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Remarkable Developments with the anti-nuclear campaign

ace.jpgFoE campaigners in Adelaide and Melbourne have been heavily involved in the debate about whether South Australia will become the world's high-level nuclear waste dump. We've been working on the assumption that this campaign will run for 5‒10 years but the past six weeks have seen some remarkable developments ‒ most of them positive. The project was effectively killed off, then revived, and has hopefully been killed off again ... hopefully!

Here's a summary of recent happenings:

  • On October 15, 3,000 people participated in a protest at Parliament House in Adelaide.
  • On November 6, two-thirds of the 350 members of a SA government-initiated Citizens' Jury rejected "under any circumstances" the government's plan to import 138,000 tonnes of spent fuel and 390,000 cubic metres of intermediate-level nuclear waste as a money-making venture.
  • SA Premier Jay Weatherill previously said that he established the Citizens' Jury because he could sense that there is a "massive issue of trust in government" so he had little option other than to accept the Jury's verdict. Celebrations were raucous and joy was unconfined.
  • But on November 14, Weatherill announced that he wanted to hold a state-wide referendum on the issue, as well as giving affected Aboriginal communities a right of veto over nuclear developments on their land.
  • However, enabling legislation would be required to hold a referendum and cannot be passed without the support of political parties opposed both to a referendum and also to the nuclear waste import project. Those parties are the Liberal Party (favoured to win the next state election in early 2018), the Nick Xenophon Team and the SA Greens. The Liberal Party and the Nick Xenophon Team had not opposed the nuclear waste import proposal before the Citizens' Jury, and their opposition fundamentally alters the political dynamics of the debate.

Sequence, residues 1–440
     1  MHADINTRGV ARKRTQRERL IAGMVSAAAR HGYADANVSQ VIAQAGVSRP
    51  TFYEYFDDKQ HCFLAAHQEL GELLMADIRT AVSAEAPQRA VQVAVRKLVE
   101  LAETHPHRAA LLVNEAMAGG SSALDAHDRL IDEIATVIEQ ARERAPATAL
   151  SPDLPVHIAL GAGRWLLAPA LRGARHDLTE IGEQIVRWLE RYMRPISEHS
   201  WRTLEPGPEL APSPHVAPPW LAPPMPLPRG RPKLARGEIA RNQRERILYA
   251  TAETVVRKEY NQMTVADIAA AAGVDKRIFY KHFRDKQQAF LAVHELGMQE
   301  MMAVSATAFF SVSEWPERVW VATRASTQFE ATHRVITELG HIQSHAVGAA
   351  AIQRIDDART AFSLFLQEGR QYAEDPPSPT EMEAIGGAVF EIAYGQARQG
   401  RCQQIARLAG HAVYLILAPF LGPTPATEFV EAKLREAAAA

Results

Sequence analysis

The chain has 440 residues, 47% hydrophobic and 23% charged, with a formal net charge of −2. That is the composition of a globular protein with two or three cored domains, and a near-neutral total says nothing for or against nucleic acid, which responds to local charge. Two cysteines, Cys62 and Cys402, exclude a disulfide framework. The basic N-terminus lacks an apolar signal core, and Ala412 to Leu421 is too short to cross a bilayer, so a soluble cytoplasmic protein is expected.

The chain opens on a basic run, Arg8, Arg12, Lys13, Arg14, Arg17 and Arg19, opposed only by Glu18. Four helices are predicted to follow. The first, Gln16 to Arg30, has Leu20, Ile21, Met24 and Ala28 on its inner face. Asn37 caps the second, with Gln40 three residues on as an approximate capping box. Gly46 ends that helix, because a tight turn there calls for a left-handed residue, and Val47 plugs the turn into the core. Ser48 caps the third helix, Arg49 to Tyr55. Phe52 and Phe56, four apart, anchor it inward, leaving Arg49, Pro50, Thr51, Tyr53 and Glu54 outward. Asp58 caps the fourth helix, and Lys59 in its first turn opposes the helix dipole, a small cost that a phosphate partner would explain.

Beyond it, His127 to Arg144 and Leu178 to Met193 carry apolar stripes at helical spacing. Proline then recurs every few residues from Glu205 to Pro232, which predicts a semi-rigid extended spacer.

• Then the Labor Party government announced that it would not seek to repeal or amend the SA Nuclear Waste Storage Facility (Prohibition) Act 2000, which imposes major constraints on the ability of the government to move forward with the nuclear waste import proposal. 
  • So we're back where we were a few weeks ago ‒ the waste import proposal seems to be dead in the water. Nevertheless the state government and SA's Murdoch tabloid, The Advertiser, along with some other nuclear dumpsters are fighting a ferocious rear-guard battle to try to revive the corpse. So FoE campaigners ‒ and many others ‒ are continuing to campaign on the high-level nuclear waste proposal, and also on a separate plan to impose a national nuclear waste dump on the land of Adnyamathanha Traditional Owners in the Flinders Ranges.


If you'd like to get involved in FoE's cranking anti-nuclear campaign, please visit, like our facebook page, phone 0417 318 368 or email [email protected]. If you can donate to support our work, please visit:


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